Lately I’ve seen a lot of authors sharing their own lists of personal tips and tricks for winning at life – or life hacks. This got me thinking about the things I do to keep my life on track with my goals, both personal and professional. Maybe some of these can work for you, too, whether you’re an author or not. Here are mine!
1) Keep a dry-erase marker in the car
I live in Austin, which has the 4th worst traffic in the US. Especially before I started my new day job 5 miles away from my home (which still takes 30-45 minutes some days), I spent a LOT of time in my car. Chances are, you probably do too, and if you’re an author, you sometimes get your best ideas while you’re stuck in traffic or flying down the highway, when it’s least convenient to pull out your Moleskine and jot the idea down before you forget. How I combat this is to keep a dry erase marker in the car and scribble the ideas on the window (usually in short hand). A nice bonus – you can also take down license plate numbers of law breakers instead of trying in vain to commit them to memory.
Everyone benefits from being well read, but no one benefits more than authors do. Reading more makes you a better writer, but it’s hard to find time to read between career, family, and extracurricular duties. I’ve found that I read more when I make my reading complement these duties, not replace them. Spending an hour in your car every day? Putting away a week’s worth of laundry? (Doing anything you’d really rather not be doing?) Listen to an audiobook. Hitting the elliptical machine at the gym? Waiting for your doctor to show up for your scheduled appointment? Pull out your e-reader. Trying to sleep and instead letting your mind race? Open a paperback. When I started reading across these 3 platforms, I found I read twice as many books that year than I did the one before it.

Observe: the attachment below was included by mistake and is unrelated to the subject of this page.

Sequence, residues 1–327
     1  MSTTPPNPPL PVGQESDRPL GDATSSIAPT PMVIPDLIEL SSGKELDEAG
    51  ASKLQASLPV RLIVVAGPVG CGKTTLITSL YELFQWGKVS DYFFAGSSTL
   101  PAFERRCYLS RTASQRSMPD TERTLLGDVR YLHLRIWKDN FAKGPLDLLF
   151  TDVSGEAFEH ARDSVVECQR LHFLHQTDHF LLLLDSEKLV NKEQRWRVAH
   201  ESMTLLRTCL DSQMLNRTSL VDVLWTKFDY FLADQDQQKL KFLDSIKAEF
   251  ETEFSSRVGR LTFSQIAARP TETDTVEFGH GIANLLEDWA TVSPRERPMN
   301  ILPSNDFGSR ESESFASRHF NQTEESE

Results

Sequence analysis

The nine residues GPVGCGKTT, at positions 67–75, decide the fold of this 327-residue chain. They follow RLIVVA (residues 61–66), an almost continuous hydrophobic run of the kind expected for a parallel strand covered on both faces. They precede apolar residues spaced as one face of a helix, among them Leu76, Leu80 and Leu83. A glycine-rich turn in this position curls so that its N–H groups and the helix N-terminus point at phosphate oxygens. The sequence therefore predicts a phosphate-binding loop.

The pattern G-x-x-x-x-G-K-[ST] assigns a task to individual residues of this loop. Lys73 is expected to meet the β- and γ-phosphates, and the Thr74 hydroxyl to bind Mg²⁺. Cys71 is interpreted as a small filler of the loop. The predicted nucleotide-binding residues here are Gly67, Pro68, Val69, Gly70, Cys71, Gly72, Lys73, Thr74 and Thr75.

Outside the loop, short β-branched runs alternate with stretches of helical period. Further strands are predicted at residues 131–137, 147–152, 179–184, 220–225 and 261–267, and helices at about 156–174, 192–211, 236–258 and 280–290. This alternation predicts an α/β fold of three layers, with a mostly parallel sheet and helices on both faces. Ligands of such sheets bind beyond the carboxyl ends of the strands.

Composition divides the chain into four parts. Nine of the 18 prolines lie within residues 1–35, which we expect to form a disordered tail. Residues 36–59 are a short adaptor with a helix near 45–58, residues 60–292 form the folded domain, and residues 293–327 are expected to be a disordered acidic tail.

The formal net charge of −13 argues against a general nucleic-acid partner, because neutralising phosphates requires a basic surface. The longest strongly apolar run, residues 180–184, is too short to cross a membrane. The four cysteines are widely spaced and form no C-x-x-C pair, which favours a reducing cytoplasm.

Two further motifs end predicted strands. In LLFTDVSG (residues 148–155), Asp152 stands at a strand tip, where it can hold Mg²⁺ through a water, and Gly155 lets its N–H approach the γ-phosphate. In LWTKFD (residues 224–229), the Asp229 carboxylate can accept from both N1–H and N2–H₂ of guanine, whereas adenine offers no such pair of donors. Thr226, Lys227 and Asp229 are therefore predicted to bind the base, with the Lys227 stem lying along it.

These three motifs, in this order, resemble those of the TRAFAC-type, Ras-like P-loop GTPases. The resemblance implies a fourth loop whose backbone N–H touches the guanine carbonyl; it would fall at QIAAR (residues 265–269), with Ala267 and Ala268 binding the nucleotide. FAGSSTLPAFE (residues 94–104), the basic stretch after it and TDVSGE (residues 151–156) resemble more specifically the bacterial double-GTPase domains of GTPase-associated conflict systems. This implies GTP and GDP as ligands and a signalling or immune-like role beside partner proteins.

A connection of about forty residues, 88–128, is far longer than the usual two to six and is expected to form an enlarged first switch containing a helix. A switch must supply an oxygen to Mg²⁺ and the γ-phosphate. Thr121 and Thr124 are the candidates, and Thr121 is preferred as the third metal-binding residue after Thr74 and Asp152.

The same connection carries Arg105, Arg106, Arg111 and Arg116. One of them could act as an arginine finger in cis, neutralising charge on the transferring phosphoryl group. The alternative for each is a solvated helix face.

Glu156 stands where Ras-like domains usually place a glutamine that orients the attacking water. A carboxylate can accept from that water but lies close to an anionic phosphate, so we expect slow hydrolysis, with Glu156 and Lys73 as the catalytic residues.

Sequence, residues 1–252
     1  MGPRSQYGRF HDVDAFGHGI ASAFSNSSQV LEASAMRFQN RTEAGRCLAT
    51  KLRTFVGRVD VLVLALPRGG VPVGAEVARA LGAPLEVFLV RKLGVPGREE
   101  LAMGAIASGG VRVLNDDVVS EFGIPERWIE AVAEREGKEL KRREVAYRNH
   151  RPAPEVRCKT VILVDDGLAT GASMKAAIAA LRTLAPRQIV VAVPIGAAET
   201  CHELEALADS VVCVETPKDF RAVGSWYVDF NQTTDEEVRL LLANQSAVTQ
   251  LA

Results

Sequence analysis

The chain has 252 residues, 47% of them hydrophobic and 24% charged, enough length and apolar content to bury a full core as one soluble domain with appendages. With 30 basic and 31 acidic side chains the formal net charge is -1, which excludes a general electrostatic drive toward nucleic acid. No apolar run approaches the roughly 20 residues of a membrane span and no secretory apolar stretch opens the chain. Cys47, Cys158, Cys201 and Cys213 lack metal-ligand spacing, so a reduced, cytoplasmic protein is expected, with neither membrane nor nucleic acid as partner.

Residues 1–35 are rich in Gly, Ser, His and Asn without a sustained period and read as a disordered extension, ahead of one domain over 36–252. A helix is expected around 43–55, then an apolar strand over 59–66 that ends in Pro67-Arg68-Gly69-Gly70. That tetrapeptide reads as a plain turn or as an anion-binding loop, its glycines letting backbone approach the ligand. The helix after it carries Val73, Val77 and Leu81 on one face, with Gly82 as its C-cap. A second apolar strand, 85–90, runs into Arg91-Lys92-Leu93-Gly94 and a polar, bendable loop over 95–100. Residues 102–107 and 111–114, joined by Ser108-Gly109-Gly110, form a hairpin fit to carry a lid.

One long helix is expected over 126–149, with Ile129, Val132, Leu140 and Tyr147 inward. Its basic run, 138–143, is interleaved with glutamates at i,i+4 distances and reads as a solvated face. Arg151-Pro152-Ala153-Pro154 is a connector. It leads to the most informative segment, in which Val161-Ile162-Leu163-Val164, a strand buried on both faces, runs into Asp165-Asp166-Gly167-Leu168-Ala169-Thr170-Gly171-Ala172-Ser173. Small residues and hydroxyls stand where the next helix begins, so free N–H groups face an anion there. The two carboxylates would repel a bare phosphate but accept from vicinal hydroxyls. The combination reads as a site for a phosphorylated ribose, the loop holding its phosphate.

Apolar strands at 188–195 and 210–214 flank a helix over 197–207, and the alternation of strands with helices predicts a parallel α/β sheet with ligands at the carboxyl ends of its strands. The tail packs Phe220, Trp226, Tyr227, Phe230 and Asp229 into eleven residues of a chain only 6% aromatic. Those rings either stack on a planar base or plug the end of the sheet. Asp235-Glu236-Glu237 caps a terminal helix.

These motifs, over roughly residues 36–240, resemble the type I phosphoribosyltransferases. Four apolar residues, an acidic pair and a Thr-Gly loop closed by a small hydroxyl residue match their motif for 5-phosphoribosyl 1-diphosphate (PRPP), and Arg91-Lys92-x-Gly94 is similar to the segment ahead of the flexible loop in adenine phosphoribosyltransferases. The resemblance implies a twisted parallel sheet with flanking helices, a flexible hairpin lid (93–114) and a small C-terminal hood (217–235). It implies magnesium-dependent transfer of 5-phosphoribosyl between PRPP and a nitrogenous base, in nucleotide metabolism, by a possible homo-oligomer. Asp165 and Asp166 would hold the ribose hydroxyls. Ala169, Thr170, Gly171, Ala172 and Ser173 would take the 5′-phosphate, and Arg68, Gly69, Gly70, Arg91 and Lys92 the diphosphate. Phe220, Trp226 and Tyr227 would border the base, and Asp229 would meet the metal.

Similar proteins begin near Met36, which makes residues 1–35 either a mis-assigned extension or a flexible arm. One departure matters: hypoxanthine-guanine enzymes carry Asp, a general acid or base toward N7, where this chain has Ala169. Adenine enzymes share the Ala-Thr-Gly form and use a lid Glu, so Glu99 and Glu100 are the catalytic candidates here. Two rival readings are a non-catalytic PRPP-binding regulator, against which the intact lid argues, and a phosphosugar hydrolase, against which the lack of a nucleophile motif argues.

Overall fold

3) Take care of yourself
Make time to exercise. Period. No excuses. Endorphins are nature’s anti-depressants and you can still do wasteful things like binge watching Breaking Bad while working out (but you can also read a book). Life is short, but it’s even shorter when you’re unhealthy, and it’s my experience that running a great writer’s block buster.
This is a tough one for me. I read something that pushes all my buttons and raises all my hackles, and I can’t just stop at the end of the article; I scroll on down and start reading the comments to see what other people think. Why do I do this? I don’t know that I can pinpoint a reason other than that I am a masochist. I don’t particularly care about the opinions of complete strangers, and I hate being reminded of how ignorant, hateful, and rude people can be behind the anonymity veil the internet provides. As such, I’m making a concerted effort to #dontreadthecomments (except those on my own posts and sites, of course).
5) Feed your muse with music
Right now I am writing a book that primarily takes place in the gym, so when I am writing, I put on the cheesy upbeat mashup music my cardio kickboxing instructor plays in class to get me in the right mindset. Whatever you’re writing about, pair some thematic music to go with it. If nothing really matches, I recommend Groove Salad on somafm.com. It’s a great downtempo station that will keep you in the zone while you crank up the word count.